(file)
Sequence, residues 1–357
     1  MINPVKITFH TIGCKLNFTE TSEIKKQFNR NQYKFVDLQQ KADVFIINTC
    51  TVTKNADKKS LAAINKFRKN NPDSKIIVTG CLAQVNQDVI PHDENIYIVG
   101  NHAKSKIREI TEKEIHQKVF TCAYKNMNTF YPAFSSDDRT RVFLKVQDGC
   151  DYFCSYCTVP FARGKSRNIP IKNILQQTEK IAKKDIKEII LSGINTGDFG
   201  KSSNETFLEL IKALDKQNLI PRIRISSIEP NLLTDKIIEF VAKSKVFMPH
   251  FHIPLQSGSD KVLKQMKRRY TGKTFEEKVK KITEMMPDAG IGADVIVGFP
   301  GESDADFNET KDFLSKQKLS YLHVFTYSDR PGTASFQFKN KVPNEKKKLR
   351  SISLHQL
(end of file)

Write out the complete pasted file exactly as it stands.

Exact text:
Sequence, residues 1–357
     1  MINPVKITFH TIGCKLNFTE TSEIKKQFNR NQYKFVDLQQ KADVFIINTC
    51  TVTKNADKKS LAAINKFRKN NPDSKIIVTG CLAQVNQDVI PHDENIYIVG
   101  NHAKSKIREI TEKEIHQKVF TCAYKNMNTF YPAFSSDDRT RVFLKVQDGC
   151  DYFCSYCTVP FARGKSRNIP IKNILQQTEK IAKKDIKEII LSGINTGDFG
   201  KSSNETFLEL IKALDKQNLI PRIRISSIEP NLLTDKIIEF VAKSKVFMPH
   251  FHIPLQSGSD KVLKQMKRRY TGKTFEEKVK KITEMMPDAG IGADVIVGFP
   301  GESDADFNET KDFLSKQKLS YLHVFTYSDR PGTASFQFKN KVPNEKKKLR
   351  SISLHQL